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European Medicines Agency Commences Safety Review of Gilenya

January 20, 2012

The European Medicines Agency (EMA) has started a review of the oral medication Gilenya® (fingolimod, Novartis) after reports issued on January 20 that there have been 11 deaths among patients who received treatment. Our sympathies go out to the families of all of these individuals. As more information becomes available, we will release it as soon as possible to the MS community.

This review is in addition to the investigation currently underway way by the U.S. Food and Drug Administration. Health Canada has also announced a review of the situation. The FDA review was referenced in this statement released by them in December concerning a patient who died within 24 hours of receiving a first dose of the oral medication Gilenya.

Although few details of these unfortunate incidents under investigation have been released, many appear to be related to cardiac events. Until more information is available about the circumstances of these deaths, it is not possible to know what role Gilenya may have played. According to company reports, more than 33,000 patients have received this new oral therapy to date.

While the EMA review proceeds, they recommend that doctors prescribing Gilenya in Europe increase patient monitoring after the first dose is given. The recommendations include “electrocardiogram (ECG) monitoring before treatment and then continuously for the first six hours after the first dose, and measurement of blood pressure and heart rate every hour. After six hours, any patients with clinically important heart-related effects, such as bradycardia (a slow heart rate) or atrioventricular block (a problem with the conduction of electricity in the heart), should continue to be managed and monitored until their condition has improved.” The FDA has not made any recommendations for changing how patients in the U.S. are monitored after receiving their first dose.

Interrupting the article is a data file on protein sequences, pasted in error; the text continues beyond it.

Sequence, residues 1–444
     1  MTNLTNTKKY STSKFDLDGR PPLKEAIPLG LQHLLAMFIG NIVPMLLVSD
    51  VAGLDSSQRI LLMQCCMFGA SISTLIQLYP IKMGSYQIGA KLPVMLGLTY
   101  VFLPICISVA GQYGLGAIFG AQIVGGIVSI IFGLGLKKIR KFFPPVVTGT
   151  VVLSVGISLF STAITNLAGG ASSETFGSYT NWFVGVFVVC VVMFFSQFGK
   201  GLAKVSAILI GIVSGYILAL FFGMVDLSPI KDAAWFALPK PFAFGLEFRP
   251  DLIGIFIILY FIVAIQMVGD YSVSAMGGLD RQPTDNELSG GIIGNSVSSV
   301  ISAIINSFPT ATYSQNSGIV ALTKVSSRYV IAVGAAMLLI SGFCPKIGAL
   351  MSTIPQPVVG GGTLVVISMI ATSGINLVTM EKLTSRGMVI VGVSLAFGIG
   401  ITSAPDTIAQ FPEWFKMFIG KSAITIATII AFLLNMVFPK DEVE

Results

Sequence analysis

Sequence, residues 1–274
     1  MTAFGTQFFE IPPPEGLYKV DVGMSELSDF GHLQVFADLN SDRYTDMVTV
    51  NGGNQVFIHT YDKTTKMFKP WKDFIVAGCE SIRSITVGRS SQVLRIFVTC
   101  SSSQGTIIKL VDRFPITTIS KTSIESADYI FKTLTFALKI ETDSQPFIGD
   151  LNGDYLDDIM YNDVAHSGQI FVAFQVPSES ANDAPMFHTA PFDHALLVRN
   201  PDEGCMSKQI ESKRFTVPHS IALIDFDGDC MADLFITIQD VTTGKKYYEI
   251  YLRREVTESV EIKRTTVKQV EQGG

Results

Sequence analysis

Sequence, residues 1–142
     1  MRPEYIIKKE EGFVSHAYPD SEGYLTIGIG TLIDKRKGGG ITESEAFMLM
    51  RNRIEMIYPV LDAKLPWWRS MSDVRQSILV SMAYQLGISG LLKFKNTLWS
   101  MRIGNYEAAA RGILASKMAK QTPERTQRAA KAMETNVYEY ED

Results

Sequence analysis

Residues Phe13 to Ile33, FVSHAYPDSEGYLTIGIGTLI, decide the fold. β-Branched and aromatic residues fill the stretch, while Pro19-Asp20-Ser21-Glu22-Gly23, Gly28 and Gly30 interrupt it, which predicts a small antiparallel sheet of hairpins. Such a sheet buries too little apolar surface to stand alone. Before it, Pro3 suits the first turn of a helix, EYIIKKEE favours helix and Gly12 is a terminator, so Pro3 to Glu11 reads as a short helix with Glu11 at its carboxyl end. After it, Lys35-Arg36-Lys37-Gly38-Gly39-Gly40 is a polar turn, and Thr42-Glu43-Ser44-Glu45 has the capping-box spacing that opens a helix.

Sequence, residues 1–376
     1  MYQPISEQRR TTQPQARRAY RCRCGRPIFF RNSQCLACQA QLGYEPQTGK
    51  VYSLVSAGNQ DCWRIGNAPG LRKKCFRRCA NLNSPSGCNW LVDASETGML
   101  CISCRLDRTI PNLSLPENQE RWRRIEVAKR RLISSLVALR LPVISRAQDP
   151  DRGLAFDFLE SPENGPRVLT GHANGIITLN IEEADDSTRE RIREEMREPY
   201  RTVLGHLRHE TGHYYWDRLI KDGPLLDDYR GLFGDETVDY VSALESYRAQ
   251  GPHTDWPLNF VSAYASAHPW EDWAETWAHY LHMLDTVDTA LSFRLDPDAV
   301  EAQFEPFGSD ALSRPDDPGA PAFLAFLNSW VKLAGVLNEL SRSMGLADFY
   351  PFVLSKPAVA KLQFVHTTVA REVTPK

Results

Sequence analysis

Articles on these events are being reported in various media outlets.

“We look forward to results of these agencies’ reviews,” said Dr. Timothy Coetzee, chief research officer at the National MS Society, “because understanding the benefits and risks of therapies is vitally important to everyone in the MS community.”

Individuals who have questions about Gilenya’s safety should contact the Novartis patient support line at 888-NOW-NOVA (888-669-6682) or the individual’s prescribing doctor.

About Multiple Sclerosis

Multiple sclerosis is an unpredictable, often disabling disease of the central nervous system. Symptoms range from numbness and tingling to blindness and paralysis, and there is currently no cure for MS. The progress, severity and specific symptoms of MS in any one person cannot yet be predicted, but advances in research and treatment are leading to better understanding and moving us closer to a world free of MS. An estimated 1 million people live with MS in the United States. Most people with MS are diagnosed between the ages of 20 and 50, and it affects women three times more than men.


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